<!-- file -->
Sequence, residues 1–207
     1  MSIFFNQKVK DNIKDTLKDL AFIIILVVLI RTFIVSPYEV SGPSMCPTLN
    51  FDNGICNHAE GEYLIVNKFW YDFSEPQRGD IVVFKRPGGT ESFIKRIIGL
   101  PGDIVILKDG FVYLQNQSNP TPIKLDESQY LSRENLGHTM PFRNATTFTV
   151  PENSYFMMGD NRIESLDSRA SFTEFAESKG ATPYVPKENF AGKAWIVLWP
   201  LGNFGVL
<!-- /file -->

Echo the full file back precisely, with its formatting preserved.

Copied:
Sequence, residues 1–207
     1  MSIFFNQKVK DNIKDTLKDL AFIIILVVLI RTFIVSPYEV SGPSMCPTLN
    51  FDNGICNHAE GEYLIVNKFW YDFSEPQRGD IVVFKRPGGT ESFIKRIIGL
   101  PGDIVILKDG FVYLQNQSNP TPIKLDESQY LSRENLGHTM PFRNATTFTV
   151  PENSYFMMGD NRIESLDSRA SFTEFAESKG ATPYVPKENF AGKAWIVLWP
   201  LGNFGVL